- The loop starts with var1=0 and var2=2. The while checks that var2 isn't 0 and that var1/var2 is greater than or equal to zero (0/2=0) so this is equal to zero and the body of the while loop will execute. The variable var1 has 1 added to it for a new value of 1. The variable var2 has 1 subtracted from it for a value of 1. At this point var1=1 and var2=1. The while condition is checked again. Since var2 isn't 0 and var1/var2 (1/1=1) is >=0 so the body of the loop will execute a second time. The variable var1 has 1 added to it for a new value of 2. The variable var2 has 1 subtracted from it for a value of 0. At this point var1=2 and var2=0. The while condition is checked again. Since var2 is zero the while loop stops and the value of var1 is 2 and var2 is 0.
- The loop won't finish executing because of a division by zero.
- 0/2 won't cause a division by zero. The result is just zero.

3-11-23: What are the values of var1 and var2 after the following code segment is executed and the while loop finishes?

```
int var1 = 0;
int var2 = 2;
while ((var2 != 0) && ((var1 / var2) >= 0)) {
var1 = var1 + 1;
var2 = var2 - 1;
}
```

## Hard Multiple Choice Questions¶

- (x > 15 && x < 18) && (x > 10)
- This can't be right as it's only checking the x variable, however the original statement can solely depend on the y variable in some cases.
- (y < 20) || (x > 15 && x < 18)
- There's a third condition on x that can affect the output of the statement which is not considered in this solution.
- ((x > 10) || (x > 15 && x < 18)) || (y < 20)
- The commutative property allows the terms to be switched around, while maintaining the value. In this case, the || symbol is used with the commutative property and the statement included the && must stay together to follow the laws of logic.
- (x < 10 && y > 20) && (x < 15 || x > 18)
- This is the negation of the original statement, thus returning incorrect values.

3-11-24: Assuming that x and y have been declared as valid integer values, which of the following is equivalent to this statement?

```
(x > 15 && x < 18) || (x > 10 || y < 20)
```

- first
- This will print, but so will something else.
- first second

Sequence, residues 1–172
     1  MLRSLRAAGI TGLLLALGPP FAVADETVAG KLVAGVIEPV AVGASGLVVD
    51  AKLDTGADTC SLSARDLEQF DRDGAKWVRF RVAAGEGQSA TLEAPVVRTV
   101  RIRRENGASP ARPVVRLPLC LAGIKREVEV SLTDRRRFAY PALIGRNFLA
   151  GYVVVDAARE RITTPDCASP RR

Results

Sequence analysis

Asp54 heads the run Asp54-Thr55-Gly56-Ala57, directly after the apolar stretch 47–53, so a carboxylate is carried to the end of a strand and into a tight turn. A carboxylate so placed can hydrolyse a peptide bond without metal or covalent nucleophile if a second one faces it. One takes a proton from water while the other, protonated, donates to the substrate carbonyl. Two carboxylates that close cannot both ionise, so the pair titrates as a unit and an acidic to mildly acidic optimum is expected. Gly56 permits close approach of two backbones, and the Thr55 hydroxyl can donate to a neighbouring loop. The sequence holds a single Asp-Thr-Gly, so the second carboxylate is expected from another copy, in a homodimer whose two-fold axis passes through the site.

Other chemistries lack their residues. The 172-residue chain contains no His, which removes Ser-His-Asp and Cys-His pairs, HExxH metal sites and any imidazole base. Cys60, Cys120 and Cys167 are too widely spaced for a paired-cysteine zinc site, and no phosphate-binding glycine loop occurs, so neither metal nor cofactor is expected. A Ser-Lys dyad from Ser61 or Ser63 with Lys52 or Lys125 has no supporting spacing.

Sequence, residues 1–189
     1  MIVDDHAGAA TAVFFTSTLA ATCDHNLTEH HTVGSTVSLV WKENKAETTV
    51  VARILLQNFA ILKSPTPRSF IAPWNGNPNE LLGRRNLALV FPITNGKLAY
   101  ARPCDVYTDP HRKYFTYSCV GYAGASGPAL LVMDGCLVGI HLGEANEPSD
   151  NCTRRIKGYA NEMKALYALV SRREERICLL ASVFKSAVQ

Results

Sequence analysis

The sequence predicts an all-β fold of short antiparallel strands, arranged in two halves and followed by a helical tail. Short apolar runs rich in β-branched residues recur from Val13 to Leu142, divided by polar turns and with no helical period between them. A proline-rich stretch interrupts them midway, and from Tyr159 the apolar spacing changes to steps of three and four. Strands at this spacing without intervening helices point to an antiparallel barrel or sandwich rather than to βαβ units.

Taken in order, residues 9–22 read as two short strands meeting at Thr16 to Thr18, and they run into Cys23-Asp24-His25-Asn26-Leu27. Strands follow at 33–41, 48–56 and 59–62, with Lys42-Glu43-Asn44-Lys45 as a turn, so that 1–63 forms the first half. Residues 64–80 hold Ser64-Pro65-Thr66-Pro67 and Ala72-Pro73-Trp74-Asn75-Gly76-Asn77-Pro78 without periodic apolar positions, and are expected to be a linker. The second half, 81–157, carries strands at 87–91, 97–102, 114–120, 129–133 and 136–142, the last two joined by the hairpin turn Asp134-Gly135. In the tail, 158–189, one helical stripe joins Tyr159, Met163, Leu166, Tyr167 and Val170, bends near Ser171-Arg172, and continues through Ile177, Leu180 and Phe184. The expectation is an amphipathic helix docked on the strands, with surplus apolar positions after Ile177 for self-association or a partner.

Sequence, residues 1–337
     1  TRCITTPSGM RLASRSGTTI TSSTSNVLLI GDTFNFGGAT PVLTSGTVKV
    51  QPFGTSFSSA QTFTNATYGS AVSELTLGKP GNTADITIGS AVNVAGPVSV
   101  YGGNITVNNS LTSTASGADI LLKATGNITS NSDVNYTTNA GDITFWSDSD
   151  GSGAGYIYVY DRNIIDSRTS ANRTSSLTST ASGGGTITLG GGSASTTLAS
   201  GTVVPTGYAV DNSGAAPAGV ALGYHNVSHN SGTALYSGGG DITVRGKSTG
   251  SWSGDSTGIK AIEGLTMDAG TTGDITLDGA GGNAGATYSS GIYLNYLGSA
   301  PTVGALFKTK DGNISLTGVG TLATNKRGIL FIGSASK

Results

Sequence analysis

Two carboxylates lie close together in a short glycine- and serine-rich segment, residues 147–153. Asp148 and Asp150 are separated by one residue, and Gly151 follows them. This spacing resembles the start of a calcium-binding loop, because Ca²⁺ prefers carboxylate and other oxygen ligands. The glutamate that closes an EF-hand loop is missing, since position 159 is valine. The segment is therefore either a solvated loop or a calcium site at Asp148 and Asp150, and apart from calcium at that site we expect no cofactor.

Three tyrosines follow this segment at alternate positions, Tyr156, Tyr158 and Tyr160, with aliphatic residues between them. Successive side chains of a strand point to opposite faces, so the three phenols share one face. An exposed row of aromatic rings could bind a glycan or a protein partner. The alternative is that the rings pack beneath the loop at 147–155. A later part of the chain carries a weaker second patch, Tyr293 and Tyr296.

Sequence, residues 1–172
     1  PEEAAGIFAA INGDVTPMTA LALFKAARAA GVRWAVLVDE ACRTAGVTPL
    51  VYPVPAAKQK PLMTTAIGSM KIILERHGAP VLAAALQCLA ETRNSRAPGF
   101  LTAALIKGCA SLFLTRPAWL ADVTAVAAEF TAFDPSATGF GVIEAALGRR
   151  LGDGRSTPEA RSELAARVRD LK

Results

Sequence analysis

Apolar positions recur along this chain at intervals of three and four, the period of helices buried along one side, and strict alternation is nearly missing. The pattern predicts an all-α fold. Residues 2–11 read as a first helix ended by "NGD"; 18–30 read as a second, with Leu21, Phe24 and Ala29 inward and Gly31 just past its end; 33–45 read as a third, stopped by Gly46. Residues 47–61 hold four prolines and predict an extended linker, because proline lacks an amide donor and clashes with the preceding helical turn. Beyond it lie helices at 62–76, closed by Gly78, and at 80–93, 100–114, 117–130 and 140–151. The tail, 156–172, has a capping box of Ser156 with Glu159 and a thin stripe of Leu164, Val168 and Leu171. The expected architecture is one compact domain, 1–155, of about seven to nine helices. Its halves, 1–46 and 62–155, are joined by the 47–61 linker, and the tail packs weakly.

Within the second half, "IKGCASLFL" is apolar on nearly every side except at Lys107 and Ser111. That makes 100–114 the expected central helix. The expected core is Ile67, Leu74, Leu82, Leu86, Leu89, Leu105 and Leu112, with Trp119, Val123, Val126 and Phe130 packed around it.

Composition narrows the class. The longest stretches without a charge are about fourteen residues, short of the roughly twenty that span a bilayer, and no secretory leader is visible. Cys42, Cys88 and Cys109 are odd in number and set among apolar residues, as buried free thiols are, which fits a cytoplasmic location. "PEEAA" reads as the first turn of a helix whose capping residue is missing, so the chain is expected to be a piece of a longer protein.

- Are you sure about the "second"? This only prints if y is less than 3, and while it was originally, it changes.
- first second third
- Are you sure about the "second"? This only prints if y is less than 3, and while it was originally, it changes.
- first third
- The first will print since x will be greater than 2 and the second won't print since y is equal to 3 and not less than it. The third will always print.
- third
- This will print, but so will something else.

3-11-25: What would the following print?

```
int x = 3;
int y = 2;
if (x > 2)
x++;
if (y > 1)
y++;
if (x > 2)
System.out.print("first ");
if (y < 3)
System.out.print("second ");
System.out.print("third");
```

- first
- When you do integer division you get an integer result so y / x == 0 and is not greater than 0.
- second
- The first will not print because integer division will mean that y / x is 0. The second will print since it is not in the body of the if (it would be if there were curly braces around it).
- first second
- Do you see any curly braces? Indention does not matter in Java.
- Nothing will be printed
- This would be true if there were curly braces around the two indented statements. Indention does not matter in Java. If you don't have curly braces then only the first statement following an if is executed if the condition is true.

3-11-26: What would the following print?

```
int x = 3;
int y = 2;
if (y / x > 0)
System.out.print("first ");
System.out.print("second ");
```

## More Practice¶

For more practice with loops and strings see http://codingbat.com/java/Warmup-2. For practice with loops and arrays see http://codingbat.com/java/Array-2.

Here are some recommended problems